General Question

silky1's avatar

What's the difference between a pratical nurse and a medical assistant?

Asked by silky1 (1507points) July 11th, 2010

I was interested in the difference in schooling and duties.

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5 Answers

Seaofclouds's avatar

Practical nurses have to obtain a nursing license in order to work. As far as I know, medical assistants don’t have to do that, but they can be certified. Some of the differences in their jobs will depend on where they work. Typically LPNs make more money than MAs because they have more responsibility to their patients and have more legal responsibility. The nurse is ultimately responsible for the actions of their MA in the hospital setting.

In the hospital setting, MAs usually are doing basic care similar to a nursing assistant. They obtain vitals, bathe patients, help them with their meals, and sometimes have a few other responsibilities depending on where they work. In the doctor’s office, MAs usually room the patients and obtain their vitals. I’ve known a few MAs that were able to give injections, but they were covered by the doctor’s medical license in order to do it (so it was strictly up to the doctor if they could do it).

In the hospital setting, nurses are responsible for assessing patients, administering medications, performing nursing skills (such as inserting foley catheters, starting IVs (depending on the state), sterile dressing changes, trach care, ostomy care, and more). In the doctor’s office, nurses assist doctors as needed, do phone triage for patients that call in, and refill prescriptions. They also schedule appointments, make referrals, and call patients with results.

Each state has a nurse practice act that spells out the nurses’ legal responsibilities and what they can and can’t do.

Some states have vocational nurses instead of practical nurses. For the most part, they are the same thing, just a different title.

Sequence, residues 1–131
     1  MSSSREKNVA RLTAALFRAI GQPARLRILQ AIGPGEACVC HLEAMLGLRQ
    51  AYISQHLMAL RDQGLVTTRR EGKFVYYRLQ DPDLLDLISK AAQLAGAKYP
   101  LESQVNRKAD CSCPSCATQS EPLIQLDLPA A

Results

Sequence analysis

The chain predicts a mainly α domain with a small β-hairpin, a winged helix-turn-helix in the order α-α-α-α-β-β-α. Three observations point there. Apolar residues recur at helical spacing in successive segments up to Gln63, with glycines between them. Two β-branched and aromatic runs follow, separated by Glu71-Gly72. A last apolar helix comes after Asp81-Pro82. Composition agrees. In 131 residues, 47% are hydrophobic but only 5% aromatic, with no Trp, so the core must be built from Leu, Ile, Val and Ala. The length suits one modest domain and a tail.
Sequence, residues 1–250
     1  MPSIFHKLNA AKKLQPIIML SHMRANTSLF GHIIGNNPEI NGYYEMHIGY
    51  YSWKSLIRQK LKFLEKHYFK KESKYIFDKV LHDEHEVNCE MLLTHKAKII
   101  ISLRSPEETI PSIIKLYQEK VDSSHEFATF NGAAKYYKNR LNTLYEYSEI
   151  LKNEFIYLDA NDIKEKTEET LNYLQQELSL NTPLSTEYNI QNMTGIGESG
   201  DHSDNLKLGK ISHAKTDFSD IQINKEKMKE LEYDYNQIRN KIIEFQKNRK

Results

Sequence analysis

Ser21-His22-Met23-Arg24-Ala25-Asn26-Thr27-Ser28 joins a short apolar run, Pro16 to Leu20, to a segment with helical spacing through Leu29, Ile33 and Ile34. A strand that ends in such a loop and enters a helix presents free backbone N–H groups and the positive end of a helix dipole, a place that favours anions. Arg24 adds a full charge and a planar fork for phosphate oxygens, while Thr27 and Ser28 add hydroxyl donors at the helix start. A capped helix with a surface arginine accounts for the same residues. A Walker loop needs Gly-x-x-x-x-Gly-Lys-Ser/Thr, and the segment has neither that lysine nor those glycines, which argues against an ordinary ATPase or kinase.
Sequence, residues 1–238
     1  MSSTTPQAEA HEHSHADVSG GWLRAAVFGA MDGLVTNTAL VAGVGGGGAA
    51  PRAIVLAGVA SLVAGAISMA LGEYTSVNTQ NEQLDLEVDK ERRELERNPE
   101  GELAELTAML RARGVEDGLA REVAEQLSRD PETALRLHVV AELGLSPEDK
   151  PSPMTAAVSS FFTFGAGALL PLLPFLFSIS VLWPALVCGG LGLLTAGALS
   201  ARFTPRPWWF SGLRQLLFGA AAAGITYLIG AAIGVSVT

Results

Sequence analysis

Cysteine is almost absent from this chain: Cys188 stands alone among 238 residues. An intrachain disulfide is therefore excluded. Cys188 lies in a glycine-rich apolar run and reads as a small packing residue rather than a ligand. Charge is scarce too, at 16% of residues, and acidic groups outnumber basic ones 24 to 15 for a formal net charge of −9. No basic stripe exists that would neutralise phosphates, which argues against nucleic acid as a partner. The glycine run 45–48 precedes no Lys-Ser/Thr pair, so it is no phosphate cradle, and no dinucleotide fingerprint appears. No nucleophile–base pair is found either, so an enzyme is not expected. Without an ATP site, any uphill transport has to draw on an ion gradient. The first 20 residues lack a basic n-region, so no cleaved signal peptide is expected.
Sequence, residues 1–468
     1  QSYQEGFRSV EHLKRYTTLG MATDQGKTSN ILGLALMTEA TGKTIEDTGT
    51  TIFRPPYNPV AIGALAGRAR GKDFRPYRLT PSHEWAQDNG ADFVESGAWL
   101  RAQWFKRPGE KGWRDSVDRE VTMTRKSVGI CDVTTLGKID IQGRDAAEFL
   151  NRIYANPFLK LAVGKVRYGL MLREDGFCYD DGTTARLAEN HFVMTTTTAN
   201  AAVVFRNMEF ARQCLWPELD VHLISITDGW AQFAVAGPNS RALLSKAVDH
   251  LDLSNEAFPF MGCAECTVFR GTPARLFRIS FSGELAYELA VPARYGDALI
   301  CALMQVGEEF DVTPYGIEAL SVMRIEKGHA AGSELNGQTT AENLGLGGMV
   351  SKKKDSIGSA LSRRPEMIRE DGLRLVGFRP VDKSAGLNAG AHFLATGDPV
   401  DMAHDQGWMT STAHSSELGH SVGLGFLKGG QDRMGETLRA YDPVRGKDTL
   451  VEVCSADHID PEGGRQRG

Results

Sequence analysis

I’m not sure what schooling involves for MAs, but I know it’s usually a technical program where they learn to obtain vital signs, and do basic patient care. I don’t believe MAs learn how to give injections, that would be strictly on the job training if your employer was willing to do it.

Nursing school varies depending on where you go. There are programs to get a diploma in nursing so you can take the licensure exam to be a practical nurse that will teach the basics of human anatomy and physiology, the skills the MA learns, assessment skills, critical thinking skills, and the clinical skills (inserting and discontinuing a foley catheter, medication administration (all routes of medication), trach care, sterile dressings, etc). There are also Associate Degree programs that will award a diploma about halfway through them so that their students can become a LPN while continuing on for their ADN so they can become a RN.

JLeslie's avatar

Is a MA the same as a PA? I never heard the term MA.

Seaofclouds's avatar

@JLeslie No. MA is a medical assistant. They are similar to nursing assistants. I believe medical assistants have more training than nursing assistants, but less than nurses. Physician assistants require a lot more training.

JLeslie's avatar

@Seaofclouds Ok, just wanted to be sure. I think of Nurse Practitioners and Physician Assistants as basically performing the same duties. Although, I think in some states Nurse Practioners still cannot write scripts? Every state I have lived in they can.

Seaofclouds's avatar

@JLeslie Correct. There are some subtle differences between NPs and PAs. Some states still have restrictions on NPs writing prescriptions. Also, the restrictions vary. Some states don’t allow NPs to write scripts at all, others allow them only to write scripts for certain classifications of medications. I believe most states don’t allow NPs to write scripts for the highest tier of controlled substances.

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